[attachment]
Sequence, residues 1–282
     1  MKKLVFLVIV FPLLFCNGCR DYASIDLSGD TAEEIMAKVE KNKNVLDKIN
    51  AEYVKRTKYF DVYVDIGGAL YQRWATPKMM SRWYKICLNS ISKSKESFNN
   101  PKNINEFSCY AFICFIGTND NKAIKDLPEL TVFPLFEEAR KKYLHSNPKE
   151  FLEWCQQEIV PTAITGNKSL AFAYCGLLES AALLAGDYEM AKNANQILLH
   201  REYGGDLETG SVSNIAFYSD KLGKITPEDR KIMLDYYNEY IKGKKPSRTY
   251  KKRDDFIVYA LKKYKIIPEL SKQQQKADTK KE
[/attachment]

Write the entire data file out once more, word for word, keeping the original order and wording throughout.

Sequence, residues 1–282
     1  MKKLVFLVIV FPLLFCNGCR DYASIDLSGD TAEEIMAKVE KNKNVLDKIN
    51  AEYVKRTKYF DVYVDIGGAL YQRWATPKMM SRWYKICLNS ISKSKESFNN
   101  PKNINEFSCY AFICFIGTND NKAIKDLPEL TVFPLFEEAR KKYLHSNPKE
   151  FLEWCQQEIV PTAITGNKSL AFAYCGLLES AALLAGDYEM AKNANQILLH
   201  REYGGDLETG SVSNIAFYSD KLGKITPEDR KIMLDYYNEY IKGKKPSRTY
   251  KKRDDFIVYA LKKYKIIPEL SKQQQKADTK KE